Let us consider categories.
In the midst of getting one’s book published, there are a bunch of small decisions that have to be made (how much do I charge, how the heck do I compress that painstakingly-composed description into 400 characters, etc. etc.). I’ve been comparing self-publishing to acting as my own general contractor on a house renovation – and having been through house renovation, I can say that even if you hire a builder who organizes everything, there are still a mind-boggling number of choices to be made. At least books don’t have nearly as many light fixtures.
A lot of the last-minute but-I-want-the-book-up-now stabs at decision are pretty fundamental, and some of them are also pretty constrained. I did realize I’d have to choose a category to slot my book under, but I hadn’t seen the list till I had to pick from it. Time for Tea ends up described in most venues as Fiction – Science Fiction – Adventure, which is… okay as a place to start, I guess.
So how would I categorize Time for Tea, and by extension, the entire Waters of Time series? Well, I wouldn’t, unless forced. I shelve my own library alphabetically by author (and biographical subjects, except Boswell’s Johnson, which goes under Boswell, because), and that includes fiction, poetry, nonfiction by authors I’d look for it under (yes, this is arbitrary), essays, etc. (dramatic literature is moving onto my younger son’s shelves as soon as he clears them off, as there is no room downstairs anymore. NO ROOM). I don’t put science fiction over here and mysteries over there and Patrick O’Brian somewhere else and Jane Austen on a pedestal. It’s just all books.
But I understand that categories are necessary for marketing purposes, so all right: my books have time travel in them, made possible by sufficiently advanced technology, not magic, so they count as science fiction. I’m fine with that, though knowing what I know about the SFF community, I’m sure along the way someone will object to the self-definition. If I’m lucky.
What else are they? I kind of like the label I accidentally invented when putting up the first Facebook notice about Time for Tea: “adventure, romance, and caffeinated beverages.” (Time and Fevers would have to be “adventure, romance, and virus-laden tulips,” I guess.) I’ve been sort of avoiding the R-word, not because the books aren’t full of romance, and not because using it causes a lot of (mostly male) readers to shriek and start checking themselves for cooties, but because it’s yet another category, and one with more decided rules than SFF, and I pretty much break them all, as well as veering away from the focus on love with some frequency. (More on expanding universes to come in other posts, I’m sure.) But if you’re here for the romance, come on in, the water is somewhat chilly and you can’t be sure what’s lurking under the rocks, but really, it’s fine. Ish.
And yes, there’s adventure too: swords and pistols and fistfights and sailing ships and the king’s revenue officers rushing up on horseback. There’s also a fair amount of people sitting around in drawing rooms drinking tea and playing string quartets while it rains outside, but I like to think that adventure – or, at least, deadly tension – can exist in those spaces as well. Characters and the plots they impact take time to develop; some of my plot threads resolve in a single book, some stretch out over several, and some insist on tying themselves in knots with all the complexity that jumping around in time allows. There were bits I needed charts for. I’m sorry.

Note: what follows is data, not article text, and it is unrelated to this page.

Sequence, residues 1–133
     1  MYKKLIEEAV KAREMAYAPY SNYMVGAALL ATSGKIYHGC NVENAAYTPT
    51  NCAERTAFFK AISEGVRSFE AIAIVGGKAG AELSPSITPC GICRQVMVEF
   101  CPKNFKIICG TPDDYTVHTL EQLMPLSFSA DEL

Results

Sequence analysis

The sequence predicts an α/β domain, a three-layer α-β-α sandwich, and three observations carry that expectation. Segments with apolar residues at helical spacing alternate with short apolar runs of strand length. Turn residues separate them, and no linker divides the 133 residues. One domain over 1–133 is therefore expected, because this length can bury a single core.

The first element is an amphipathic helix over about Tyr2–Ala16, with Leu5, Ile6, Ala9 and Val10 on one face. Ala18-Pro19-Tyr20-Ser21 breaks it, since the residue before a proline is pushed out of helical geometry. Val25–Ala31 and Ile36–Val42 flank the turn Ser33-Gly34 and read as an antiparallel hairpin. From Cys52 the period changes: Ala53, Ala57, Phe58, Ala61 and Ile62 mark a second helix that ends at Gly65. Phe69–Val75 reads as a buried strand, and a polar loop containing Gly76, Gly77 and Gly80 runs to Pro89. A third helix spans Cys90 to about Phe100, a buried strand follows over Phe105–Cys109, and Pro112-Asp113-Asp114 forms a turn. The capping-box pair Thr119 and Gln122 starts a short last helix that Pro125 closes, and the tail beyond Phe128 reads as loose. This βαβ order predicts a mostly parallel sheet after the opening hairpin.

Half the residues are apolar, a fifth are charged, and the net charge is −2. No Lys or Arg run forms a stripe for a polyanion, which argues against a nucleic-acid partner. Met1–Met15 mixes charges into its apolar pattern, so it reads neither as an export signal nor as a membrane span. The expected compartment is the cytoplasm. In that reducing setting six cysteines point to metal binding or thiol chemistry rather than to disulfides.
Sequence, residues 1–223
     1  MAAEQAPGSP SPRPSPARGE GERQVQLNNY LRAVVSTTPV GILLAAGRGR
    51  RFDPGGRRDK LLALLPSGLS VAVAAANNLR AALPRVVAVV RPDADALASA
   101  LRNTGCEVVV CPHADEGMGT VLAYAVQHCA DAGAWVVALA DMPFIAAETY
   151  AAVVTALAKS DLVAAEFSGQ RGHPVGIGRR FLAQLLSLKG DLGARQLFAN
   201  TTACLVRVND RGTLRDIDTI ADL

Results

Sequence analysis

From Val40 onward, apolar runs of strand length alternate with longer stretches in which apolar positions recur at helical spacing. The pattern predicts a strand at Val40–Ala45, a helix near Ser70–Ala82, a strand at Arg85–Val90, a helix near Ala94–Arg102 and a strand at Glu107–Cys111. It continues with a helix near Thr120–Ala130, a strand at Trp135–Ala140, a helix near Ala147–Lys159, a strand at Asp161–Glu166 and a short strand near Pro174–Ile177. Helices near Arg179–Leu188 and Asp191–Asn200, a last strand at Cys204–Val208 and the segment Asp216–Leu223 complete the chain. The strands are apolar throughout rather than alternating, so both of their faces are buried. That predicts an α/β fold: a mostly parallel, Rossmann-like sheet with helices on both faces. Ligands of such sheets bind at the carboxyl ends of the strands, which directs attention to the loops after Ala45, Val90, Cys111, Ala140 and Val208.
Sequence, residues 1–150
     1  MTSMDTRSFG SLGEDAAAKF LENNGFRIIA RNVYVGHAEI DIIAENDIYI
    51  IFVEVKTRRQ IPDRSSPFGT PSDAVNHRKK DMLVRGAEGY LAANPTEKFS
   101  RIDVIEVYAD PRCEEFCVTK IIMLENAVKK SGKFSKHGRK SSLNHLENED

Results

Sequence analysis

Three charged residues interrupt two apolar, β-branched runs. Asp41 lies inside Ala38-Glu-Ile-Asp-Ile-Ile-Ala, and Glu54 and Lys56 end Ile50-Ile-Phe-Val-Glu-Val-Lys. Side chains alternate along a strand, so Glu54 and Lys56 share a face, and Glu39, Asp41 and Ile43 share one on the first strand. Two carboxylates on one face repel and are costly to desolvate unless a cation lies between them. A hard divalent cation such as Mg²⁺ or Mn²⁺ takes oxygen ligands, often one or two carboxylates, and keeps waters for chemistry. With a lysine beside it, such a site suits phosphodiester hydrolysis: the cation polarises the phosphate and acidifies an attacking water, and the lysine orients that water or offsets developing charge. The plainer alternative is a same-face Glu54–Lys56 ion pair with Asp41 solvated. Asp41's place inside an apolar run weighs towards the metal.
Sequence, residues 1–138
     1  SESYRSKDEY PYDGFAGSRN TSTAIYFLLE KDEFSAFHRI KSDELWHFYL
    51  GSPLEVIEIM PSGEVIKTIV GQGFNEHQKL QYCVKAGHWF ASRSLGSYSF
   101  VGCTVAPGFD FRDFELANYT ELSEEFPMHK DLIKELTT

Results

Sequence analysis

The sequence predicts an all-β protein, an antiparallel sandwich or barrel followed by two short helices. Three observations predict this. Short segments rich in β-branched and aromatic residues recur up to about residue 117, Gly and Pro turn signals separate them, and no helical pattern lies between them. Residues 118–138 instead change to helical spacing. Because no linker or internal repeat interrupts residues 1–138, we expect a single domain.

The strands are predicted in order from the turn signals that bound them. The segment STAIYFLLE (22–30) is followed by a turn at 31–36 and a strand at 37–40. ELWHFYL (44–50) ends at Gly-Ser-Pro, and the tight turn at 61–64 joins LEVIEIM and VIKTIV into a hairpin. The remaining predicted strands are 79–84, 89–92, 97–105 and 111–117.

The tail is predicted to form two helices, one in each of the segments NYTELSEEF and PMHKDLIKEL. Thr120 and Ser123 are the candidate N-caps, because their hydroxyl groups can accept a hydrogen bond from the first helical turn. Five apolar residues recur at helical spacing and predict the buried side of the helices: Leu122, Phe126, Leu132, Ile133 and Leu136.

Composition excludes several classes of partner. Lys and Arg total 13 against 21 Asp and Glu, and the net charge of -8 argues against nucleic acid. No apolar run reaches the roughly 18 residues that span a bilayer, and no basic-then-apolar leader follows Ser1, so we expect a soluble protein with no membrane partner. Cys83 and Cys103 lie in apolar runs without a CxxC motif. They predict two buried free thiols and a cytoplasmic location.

I also love quoting from things (that’s Andrew Marvell in the subject line), so a lot of that happens. I wish to assure everyone that I have to look the quotes up. And humor is very important to me as a leavening device, so don’t worry if you giggle.
The other matter I should probably address is what I guess we have to call rating. Distributors want writers to tell them if their books have “adult content” so they can filter it out for readers under 18. I did some poking around in the Smashwords “adult content” list, and ninety percent of what’s there is erotica/porn, and the rest is books by probably over-careful writers. I did not check the “adult content” box for Time for Tea (which contains some discussion of sex, kissing, non-graphic violence, and a couple of F-bombs as well as a lot of George saying “Shit”) and that was an easy choice. The later books in the series have more of what the MPAA calls “language” (which always cracks me up. Ooh, language), sex scenes that aren’t explicit but don’t shy away from letting you know what’s happening, and a fair amount of blood. I am not inclined to say any of this is inappropriate for 16-year-olds (though this is obviously a personal decision) and I really don’t want my books filtered out of searches, but I’ll have to consider further whether the box gets checked. None of the possibly-adult-content is the point of the books, however (I have no objection to erotica, but it’s for people who go looking for it; they’re not going to find it in my writing), and it’s all plot-relevant. So, probably not checking the box.
In conclusion: I don’t really like genres, but I’m fine with being an author of genre fiction, even if defining that gets tricky. If anyone wants to tell me what you think my books are after you’ve read them, I’m listening.